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Essay/Term paper: Why i think malaysia will be the best place to live in the next

Essay, term paper, research paper:  College Book Reports

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by: Woo Tai Kwan (First prize winner in the STAR 25th anniversary essay

competition (Category C - adults)





Should a fairy godmother suddenly appear before me with a crystal ball, a

magic wand and a world atlas, and give me the liberty to select the country I"d

like to live in 25 years from now, without a second"s hesitation, I would point to

that small nondescript, elongated peninsula straddling the equator called

Malaysia. The reason is very simple. I firmly feel that 25 years hence,

Malaysia would be one of the nicest - if not THE nicest - places to call

"home".



Let us take a little journey down the corridors of time and cast a glance at the

destiny of some of the nations of the world over the past five decades. There is

war and famine in some, greed and suffering in others. Quite clearly,

Malaysia has reason to stand proud among the countries of the world. There

is plentiful sunshine and rainfall, while the soil is rich and the harvests

plentiful. Even Mother Nature has seen fit to bless Malaysia by exempting her

from its tantrums - there are no tsunamis and earthquakes, no floods and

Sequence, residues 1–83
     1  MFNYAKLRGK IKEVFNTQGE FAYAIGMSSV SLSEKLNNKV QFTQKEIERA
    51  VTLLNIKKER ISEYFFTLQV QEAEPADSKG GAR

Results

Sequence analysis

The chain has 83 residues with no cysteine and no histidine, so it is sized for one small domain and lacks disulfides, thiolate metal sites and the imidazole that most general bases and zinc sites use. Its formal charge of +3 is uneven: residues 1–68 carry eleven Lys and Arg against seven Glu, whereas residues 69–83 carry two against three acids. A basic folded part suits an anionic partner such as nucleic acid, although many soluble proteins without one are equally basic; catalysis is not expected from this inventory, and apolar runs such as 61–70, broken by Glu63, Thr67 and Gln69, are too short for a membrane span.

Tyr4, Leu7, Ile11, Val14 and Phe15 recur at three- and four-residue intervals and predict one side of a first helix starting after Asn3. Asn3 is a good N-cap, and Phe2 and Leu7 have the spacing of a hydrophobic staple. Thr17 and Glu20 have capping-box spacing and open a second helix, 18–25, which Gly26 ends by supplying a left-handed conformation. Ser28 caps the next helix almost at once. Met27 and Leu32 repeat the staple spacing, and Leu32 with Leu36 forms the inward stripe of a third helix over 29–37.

droughts, no hurricanes and typhoons. Consequently, there is no need to live

in fear of nature"s sudden and unabated fury; no need to be constantly on the

lookout for unexpected destruction and devastation Freed from the

encumbrances of having to battle with the forces of nature, Malaysians are

empowered to pursue lifestyles of their own liking. The economy is booming,

jobs are for the taking... this is the senario today and there seems little reason

to expect this scenario to change adversely within the next 25 years. In fact,

with proper management and leadership, the outlook for Malaysia in the next

25 years may even improve.



Just for starters, imagine coming home after a day's work to a spotlessly spick

and span house filled with the tantalising aroma of rich coffee and roast

chicken, all waiting to welcome one home... Which Malaysian

housewife-cum-career lady has not dreamed of this before? And yet, this

dream may well become a reality just 25 years from now - all because of the

winds of technological change, which are sweeping through the country right

now. Pping! Just press that little button on your wristwatch 30 minutes before

you head home and it'd activate the gamut of gadgets that will start the kettle

singing, the rice boiling, the washing machine churning and the vacuum